Azael Rodriguez slaps Jesus Gaspar at a Power Slap event in Rio De Janiero, Brazil, Nov. 30, 2022.

Azael Rodriguez slaps Jesus Gaspar at a Power Slap event in Rio De Janiero, Brazil, Nov. 30, 2022. (Mike Roach, Sciaffo LLC )

If you’re collecting indices on the decline of civilization, you’ll want to include this one on your list: two burly, overbuilt men, often bald and bearded and nearly always tattooed, facing each other across a waist-high table and taking turns slapping each other across their faces as hard as possible.

This is slap fighting. Reportedly this “sport” originated in Russia — that figures — and spread westward, apparently picking up momentum during the pandemic until it reached Nevada, where, in October 2022, the State Athletics Commission authorized the first regulated American slap fighting league: Power Slap.

The California Athletic Commission followed suit in December 2023, and Florida approved slap fighting in March. This month, the Combative Sports Advisory Board of the Texas Department of Licensing and Regulation is considering a change in state rules that would sanction slap fighting as a regulated combat sport. Early indications are that the answer will be yes.

This is a very bad idea.

Let’s start with the obvious: Slap fighting punishes its participants with excessively brutal physical harm.

We’re inclined to think of slapping as a feminized version of what men do when they get in a fight. It’s the way girls fight. It’s boxing lite.

This depiction of slapping, however, has nothing to do with slap fighting. The blows are powerful, vicious and damaging.

Neurologist Nikos Evangelou told Sky News that the rotational forces applied to the brain by the impact of a hard slap, especially when the rules of slap fighting forbid flinching or other defensive actions, are a “recipe for disaster.” He says, “It’s all a matter of time before we see more serious brain injury from a dissection.”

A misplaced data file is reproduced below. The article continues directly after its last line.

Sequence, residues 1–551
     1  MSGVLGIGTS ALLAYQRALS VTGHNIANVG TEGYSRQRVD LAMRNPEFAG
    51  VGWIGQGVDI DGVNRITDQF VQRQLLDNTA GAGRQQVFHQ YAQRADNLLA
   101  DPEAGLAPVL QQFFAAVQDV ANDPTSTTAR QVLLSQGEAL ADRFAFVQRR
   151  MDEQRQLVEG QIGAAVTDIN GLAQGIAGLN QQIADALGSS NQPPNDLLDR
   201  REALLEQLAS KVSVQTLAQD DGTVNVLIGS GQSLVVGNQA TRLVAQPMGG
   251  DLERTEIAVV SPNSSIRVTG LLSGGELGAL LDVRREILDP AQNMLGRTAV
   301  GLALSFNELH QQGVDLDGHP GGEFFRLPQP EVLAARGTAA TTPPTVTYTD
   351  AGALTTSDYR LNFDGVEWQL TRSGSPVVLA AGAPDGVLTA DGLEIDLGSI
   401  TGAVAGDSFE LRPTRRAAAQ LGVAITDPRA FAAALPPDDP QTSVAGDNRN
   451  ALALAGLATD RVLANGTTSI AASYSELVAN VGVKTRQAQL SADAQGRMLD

But this clinical assessment doesn’t properly convey the brutality of slap fighting. For that, search “slap fighting” on YouTube and spend five minutes watching. If you haven’t seen slap fighting before, I predict that you’ll be shocked — or at least surprised — by how hard the blows are and by how much obvious damage is occurring.

Knockouts by the first blow are not uncommon. As the victims fall backward into the arms of husky attendants, you’ll see their eyes roll back in their heads and their arms begin to tremble convulsively as they hit the floor. It’s not a pretty sight.

I don’t believe in the so-called “nanny state.” The state should not interfere in the right of its citizens to engage in nearly any activity, even risky ones such as mountain climbing, jumping out of airplanes and smoking, as long as the rights of others are protected. If two men (or women) want to take turns slapping each other, that’s their business.

But the state has an interest in regulating — and, in this case, prohibiting — the promotion of the violence and the values that slap fighting embodies, as well as the profit-taking industry that is already developing around this pseudo-sport.

By the term “state” I’m not referring to the mythical Deep State or even to the legislators, officials and bureaucrats who make up our government. The “state” I’m referring to is you and me and all the citizens who have agreed to participate in a social contract that serves the interests of individuals and our culture as a whole.

And that version of the state suffers damage when young men are given to understand that our culture unquestioningly values and supports the kind of meaningless violence embodied by slap fighting, especially when the violence is implicitly connected to the idea of what it means to be a man.

Dana White, the owner of Power Slap, calls slap fighting “the ultimate test of toughness.” No, it isn’t. It’s actually a way for White and the developing slap-fighting industry to turn a profit that relies on human carnage and the promotion of a set of very bad values.

With mutual consent, Americans should be allowed to slap each other all they want. Knock yourself out. But the Texas Department of Licensing and Regulation should say no to the slap-fighting industry. So should the rest of us.

John M. Crisp, an op-ed columnist for Tribune News Service, lives in Texas.

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